About 20,000 years ago, a group of aboriginal people gathered around a campfire and feasted on kangaroo meat, according to an excavation of a remote cave in Western Australia's Pilbara region.
Around the remains of the campfire, the archaeologists also uncovered stone tools that the Aborigines might have used to cut up the kangaroo barbecue.
"We'll have to have a look at them under the microscope, but they are the pieces that people were using in the site," Michael Slack, an archaeologist with Scarp Archaeology, told the Australian Broadcasting Corporation (ABC). [Photos: These Animals Used to Be Giant]
The site itself is being leased by BHP Billiton, a mining giant. But because of the area's history, the company had to survey the land in partnership with aboriginal traditional owners, the indigenous people of Australia. It's a good thing they did, because the survey party discovered the small cave in the Hamersley Range, a mountainous region of Pilbara.
The archaeologists were thrilled to find that the cave contained a treasure trove of artifacts, including ancient tools, kangaroo bone and the remnants of the campfire, which has nearly 8 inches (20 centimeters) of fine, white ash and pieces of charcoal in it that researchers plan to radiocarbon-date, Slack said.
"The guys have just uncovered an ancient campfire that, given the depth below the surface and the relationship with the stones around it, we think is potentially around 20,000 years old," Slack told ABC. "To make it even better, they found flake stone artefacts right next to the charcoal."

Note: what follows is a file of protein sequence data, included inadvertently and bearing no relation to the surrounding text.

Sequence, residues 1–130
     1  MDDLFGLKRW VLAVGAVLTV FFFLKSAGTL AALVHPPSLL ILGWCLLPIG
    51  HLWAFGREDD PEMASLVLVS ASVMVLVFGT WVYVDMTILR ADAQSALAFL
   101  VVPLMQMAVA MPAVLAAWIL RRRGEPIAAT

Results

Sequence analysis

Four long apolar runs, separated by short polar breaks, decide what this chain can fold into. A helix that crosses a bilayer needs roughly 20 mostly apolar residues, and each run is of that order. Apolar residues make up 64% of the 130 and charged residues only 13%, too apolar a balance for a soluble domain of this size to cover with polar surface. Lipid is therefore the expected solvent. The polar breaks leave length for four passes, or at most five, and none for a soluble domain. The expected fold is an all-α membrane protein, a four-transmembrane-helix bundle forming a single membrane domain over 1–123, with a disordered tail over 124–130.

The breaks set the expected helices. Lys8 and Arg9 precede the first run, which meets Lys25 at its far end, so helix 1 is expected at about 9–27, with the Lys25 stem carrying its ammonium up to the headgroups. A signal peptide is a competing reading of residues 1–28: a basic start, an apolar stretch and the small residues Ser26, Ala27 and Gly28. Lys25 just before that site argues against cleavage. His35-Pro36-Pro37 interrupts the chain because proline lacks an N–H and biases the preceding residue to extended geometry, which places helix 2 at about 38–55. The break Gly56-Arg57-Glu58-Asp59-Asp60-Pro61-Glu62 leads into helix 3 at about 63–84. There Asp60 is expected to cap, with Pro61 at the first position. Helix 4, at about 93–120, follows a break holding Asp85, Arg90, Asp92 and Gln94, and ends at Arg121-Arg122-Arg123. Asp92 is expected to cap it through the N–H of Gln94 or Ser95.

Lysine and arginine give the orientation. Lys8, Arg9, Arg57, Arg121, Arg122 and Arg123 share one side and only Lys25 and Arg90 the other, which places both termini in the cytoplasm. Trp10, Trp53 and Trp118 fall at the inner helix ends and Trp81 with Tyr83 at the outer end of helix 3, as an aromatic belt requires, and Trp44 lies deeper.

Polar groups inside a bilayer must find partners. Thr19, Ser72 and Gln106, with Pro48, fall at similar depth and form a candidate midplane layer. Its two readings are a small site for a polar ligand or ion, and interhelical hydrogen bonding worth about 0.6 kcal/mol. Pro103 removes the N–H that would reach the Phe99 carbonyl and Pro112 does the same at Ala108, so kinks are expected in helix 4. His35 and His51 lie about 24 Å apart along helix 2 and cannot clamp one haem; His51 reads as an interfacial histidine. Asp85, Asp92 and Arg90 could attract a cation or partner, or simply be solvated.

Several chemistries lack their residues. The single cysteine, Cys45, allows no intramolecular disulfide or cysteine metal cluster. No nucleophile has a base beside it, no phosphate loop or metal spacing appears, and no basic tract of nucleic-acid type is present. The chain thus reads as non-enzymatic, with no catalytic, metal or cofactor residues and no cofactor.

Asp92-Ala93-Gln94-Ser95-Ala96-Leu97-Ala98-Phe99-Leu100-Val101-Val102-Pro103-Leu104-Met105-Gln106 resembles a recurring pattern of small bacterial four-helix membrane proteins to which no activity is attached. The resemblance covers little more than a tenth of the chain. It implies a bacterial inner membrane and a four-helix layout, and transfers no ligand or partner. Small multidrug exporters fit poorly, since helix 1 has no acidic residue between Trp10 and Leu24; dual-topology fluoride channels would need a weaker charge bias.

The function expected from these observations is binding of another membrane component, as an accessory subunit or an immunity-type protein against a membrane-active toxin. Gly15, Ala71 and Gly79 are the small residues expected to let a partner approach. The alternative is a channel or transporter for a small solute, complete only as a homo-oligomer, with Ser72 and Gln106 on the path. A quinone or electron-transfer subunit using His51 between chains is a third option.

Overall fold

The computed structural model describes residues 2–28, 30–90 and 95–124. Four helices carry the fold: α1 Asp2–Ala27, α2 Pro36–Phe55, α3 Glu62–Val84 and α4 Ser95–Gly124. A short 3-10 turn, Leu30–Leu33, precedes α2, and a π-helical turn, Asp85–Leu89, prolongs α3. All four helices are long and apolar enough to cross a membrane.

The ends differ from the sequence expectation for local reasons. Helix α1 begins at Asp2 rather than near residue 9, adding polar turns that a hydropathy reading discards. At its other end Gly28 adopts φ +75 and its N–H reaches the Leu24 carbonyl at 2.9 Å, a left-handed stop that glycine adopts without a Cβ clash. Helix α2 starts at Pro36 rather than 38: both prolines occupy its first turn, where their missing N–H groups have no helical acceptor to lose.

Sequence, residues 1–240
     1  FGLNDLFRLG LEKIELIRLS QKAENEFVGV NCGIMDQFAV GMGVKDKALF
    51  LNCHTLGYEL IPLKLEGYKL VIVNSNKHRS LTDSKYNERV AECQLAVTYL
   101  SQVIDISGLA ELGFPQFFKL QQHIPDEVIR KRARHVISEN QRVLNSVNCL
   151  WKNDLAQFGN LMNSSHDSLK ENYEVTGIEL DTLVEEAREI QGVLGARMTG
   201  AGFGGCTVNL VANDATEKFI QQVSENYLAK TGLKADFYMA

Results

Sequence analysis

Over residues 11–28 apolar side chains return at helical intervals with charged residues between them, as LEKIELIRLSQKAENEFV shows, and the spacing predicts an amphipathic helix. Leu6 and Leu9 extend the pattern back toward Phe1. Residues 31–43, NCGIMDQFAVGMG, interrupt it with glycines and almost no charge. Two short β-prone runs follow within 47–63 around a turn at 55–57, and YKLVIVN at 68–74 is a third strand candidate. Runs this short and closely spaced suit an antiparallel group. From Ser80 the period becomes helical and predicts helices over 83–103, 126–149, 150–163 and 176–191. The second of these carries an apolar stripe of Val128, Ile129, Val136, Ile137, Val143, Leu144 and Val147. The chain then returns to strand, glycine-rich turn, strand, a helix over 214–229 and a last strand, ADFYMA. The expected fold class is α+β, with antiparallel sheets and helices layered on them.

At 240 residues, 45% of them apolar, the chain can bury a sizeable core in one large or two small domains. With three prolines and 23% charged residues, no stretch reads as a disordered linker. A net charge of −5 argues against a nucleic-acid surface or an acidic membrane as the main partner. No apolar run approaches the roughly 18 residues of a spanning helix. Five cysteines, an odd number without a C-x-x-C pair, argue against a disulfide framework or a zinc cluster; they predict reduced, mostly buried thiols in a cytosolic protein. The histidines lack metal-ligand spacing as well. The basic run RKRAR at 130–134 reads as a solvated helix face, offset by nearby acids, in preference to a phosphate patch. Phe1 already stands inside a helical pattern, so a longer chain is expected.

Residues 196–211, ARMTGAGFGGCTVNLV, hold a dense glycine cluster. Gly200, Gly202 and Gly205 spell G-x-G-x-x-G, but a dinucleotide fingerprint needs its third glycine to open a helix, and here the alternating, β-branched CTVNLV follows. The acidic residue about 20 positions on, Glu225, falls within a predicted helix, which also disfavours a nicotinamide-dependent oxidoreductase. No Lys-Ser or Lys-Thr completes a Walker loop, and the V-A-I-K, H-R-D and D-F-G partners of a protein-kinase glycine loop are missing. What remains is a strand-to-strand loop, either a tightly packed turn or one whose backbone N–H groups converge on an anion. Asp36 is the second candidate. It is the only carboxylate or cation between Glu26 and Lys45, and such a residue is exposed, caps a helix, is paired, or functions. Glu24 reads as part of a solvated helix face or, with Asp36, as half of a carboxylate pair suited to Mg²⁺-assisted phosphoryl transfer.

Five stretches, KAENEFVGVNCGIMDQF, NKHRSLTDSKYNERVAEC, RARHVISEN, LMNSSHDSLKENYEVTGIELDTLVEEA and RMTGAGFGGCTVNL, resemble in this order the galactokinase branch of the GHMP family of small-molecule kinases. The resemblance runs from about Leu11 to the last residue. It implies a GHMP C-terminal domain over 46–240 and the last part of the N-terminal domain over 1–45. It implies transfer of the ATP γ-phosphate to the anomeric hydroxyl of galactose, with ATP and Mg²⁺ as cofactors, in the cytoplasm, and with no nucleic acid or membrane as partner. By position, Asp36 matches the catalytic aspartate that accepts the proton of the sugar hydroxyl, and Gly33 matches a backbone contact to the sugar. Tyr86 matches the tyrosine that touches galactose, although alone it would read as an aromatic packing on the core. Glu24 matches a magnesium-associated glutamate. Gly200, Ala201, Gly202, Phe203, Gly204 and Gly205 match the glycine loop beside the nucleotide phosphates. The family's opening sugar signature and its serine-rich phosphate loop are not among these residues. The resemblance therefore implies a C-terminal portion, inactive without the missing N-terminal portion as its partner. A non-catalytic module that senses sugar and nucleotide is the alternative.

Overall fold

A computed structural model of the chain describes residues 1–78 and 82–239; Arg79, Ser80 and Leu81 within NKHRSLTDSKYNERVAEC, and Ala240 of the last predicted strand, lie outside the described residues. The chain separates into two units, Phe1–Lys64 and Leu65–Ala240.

Based on the site's artifacts — including the presence of the campfire, tools and kangaroo bone — it's likely that a family of eight to 10 Aborigines used the cave for shelter every few years when they stopped by to work on their hunting tools, eat kangaroo and sit by the campfire, ABC reported.
The researchers noted that the artifacts date to the last ice age, known as the Pleistocene epoch, which lasted from about 2.6 million to about 11,700 years ago.
Original article on Live Science.
Live Science newsletter
Stay up to date on the latest science news by signing up for our Essentials newsletter.
Laura is the archaeology and Life's Little Mysteries editor at Live Science. She also reports on general science, including paleontology. Her work has appeared in The New York Times, Scholastic, Popular Science and Spectrum, a site on autism research. She has won multiple awards from the Society of Professional Journalists and the Washington Newspaper Publishers Association for her reporting at a weekly newspaper near Seattle. Laura holds a bachelor's degree in English literature and psychology from Washington University in St. Louis and a master's degree in science writing from NYU.